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If you’ve been to a restaurant lately, chances are you’ve left feeling stuffed: Research shows many restaurant portions are at least double the standard serving sizes set by the USDA and FDA (and can sometimes be as much as eight times too big) Expanding portion sizes in the US marketplace: implications for nutrition counseling. Young LR, Nestle M. Department of Nutrition and Food Studies, New York University, NY. Journal of the American Dietetic Association, 2003 Feb;103(2):231-4. . And our plates at home have expanded, too: Today, standard American dinner plates are roughly three inches wider than they were in 1960. So could a specially designed plate be the way to return portions to normal size?
The “plate-plate” collection, created by British designer Duncan Shotton, is a set of three plates (small, medium, and large) each printed with the image of a smaller plate and silverware. The idea is that the illustrated (smaller) plate creates a visual illusion, making the food placed on it seem larger than it actually is.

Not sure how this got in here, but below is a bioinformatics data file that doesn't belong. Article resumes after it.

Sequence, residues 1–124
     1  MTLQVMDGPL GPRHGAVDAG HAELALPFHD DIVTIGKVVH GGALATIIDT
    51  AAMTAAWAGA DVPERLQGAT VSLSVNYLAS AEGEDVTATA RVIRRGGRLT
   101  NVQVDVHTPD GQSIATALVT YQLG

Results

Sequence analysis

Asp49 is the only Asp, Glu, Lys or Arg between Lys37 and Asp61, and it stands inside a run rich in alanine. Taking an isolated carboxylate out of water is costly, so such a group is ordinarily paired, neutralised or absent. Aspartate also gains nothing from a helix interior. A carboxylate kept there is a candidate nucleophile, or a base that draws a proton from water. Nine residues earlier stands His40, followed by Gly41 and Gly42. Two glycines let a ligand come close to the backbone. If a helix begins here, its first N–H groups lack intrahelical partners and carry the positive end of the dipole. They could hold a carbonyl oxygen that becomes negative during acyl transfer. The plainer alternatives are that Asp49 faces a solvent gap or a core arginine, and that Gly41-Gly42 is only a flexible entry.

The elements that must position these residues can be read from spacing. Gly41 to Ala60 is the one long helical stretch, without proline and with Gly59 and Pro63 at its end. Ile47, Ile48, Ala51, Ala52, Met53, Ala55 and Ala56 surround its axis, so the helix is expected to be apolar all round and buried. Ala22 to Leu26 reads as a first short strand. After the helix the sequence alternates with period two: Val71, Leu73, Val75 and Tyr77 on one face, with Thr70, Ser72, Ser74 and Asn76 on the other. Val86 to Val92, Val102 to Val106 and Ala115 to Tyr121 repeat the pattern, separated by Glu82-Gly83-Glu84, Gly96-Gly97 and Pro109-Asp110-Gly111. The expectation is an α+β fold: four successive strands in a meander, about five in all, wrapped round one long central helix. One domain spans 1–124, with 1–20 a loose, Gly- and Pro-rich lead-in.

While the product — which launched (and is on sale) at Tokyo Designbloom Mart this week — seems to be purely design-driven, the underlying message regarding portion size can’t be ignored. Research has shown plate size can significantly influence the amount of food we consume. One recent study found participants overestimated the portion size on plates with a wider and colored rim Visual illusions and plate deisgn: the effects of plate rim widths and rom coloring on perceived food portion size. McClain AD, van den Bos W, Matheson D, et al. Division of General Pediatrics, Deparment of Pediatrics and Stanford Prevention Research Center, Department of Medicine, Solutions Science Lab, Stanford University School of Medicine, Stanford, CA. International Journal of Obestiy (London), 2013 Sep 5. . (Though, it’s smart to note other research has shown plate size to have little effect on calorie consumption, so maybe this is just a cute design after all Using a smaller plate did not reduce energy intake at meals. Rolls B, Roe L, Halverson K, et al. Appetite, 2007 Nov: 49(3): 652-660. .) If you’re interested in purchasing a set (and don’t have time for a quick trip to Tokyo), Shotton is accepting pre-orders through his website (about $8 to $10 each), which will be shipped after the Designbloom Mart.
Not in the market for new dinnerware? Try using a salad plate to serve dinner at home to get the same portion-cutting effect.